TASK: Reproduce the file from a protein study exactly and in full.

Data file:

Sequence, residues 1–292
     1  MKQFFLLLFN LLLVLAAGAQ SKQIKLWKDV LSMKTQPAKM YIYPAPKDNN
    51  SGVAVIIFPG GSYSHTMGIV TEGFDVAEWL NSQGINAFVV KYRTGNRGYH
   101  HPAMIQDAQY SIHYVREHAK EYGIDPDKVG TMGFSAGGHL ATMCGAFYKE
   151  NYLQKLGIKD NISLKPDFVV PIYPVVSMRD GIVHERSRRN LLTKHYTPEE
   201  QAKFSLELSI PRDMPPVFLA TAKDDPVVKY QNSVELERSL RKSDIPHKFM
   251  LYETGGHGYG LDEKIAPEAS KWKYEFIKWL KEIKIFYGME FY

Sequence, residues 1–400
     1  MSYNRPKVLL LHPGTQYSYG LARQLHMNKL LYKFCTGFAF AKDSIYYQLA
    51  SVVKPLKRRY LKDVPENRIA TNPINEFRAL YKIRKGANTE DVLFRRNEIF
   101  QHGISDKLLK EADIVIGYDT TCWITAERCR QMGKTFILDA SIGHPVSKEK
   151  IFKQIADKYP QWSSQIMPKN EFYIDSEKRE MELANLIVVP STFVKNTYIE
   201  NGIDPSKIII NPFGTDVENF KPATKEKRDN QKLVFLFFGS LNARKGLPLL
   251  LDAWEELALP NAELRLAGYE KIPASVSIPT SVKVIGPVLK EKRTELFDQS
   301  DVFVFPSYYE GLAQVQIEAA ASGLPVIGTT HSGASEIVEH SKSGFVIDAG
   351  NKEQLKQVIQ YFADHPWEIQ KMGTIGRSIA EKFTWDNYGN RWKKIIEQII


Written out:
Sequence, residues 1–292
     1  MKQFFLLLFN LLLVLAAGAQ SKQIKLWKDV LSMKTQPAKM YIYPAPKDNN
    51  SGVAVIIFPG GSYSHTMGIV TEGFDVAEWL NSQGINAFVV KYRTGNRGYH
   101  HPAMIQDAQY SIHYVREHAK EYGIDPDKVG TMGFSAGGHL ATMCGAFYKE
   151  NYLQKLGIKD NISLKPDFVV PIYPVVSMRD GIVHERSRRN LLTKHYTPEE
   201  QAKFSLELSI PRDMPPVFLA TAKDDPVVKY QNSVELERSL RKSDIPHKFM
   251  LYETGGHGYG LDEKIAPEAS KWKYEFIKWL KEIKIFYGME FY

Sequence, residues 1–400
     1  MSYNRPKVLL LHPGTQYSYG LARQLHMNKL LYKFCTGFAF AKDSIYYQLA
    51  SVVKPLKRRY LKDVPENRIA TNPINEFRAL YKIRKGANTE DVLFRRNEIF
   101  QHGISDKLLK EADIVIGYDT TCWITAERCR QMGKTFILDA SIGHPVSKEK
   151  IFKQIADKYP QWSSQIMPKN EFYIDSEKRE MELANLIVVP STFVKNTYIE
   201  NGIDPSKIII NPFGTDVENF KPATKEKRDN QKLVFLFFGS LNARKGLPLL
   251  LDAWEELALP NAELRLAGYE KIPASVSIPT SVKVIGPVLK EKRTELFDQS
   301  DVFVFPSYYE GLAQVQIEAA ASGLPVIGTT HSGASEIVEH SKSGFVIDAG
   351  NKEQLKQVIQ YFADHPWEIQ KMGTIGRSIA EKFTWDNYGN RWKKIIEQII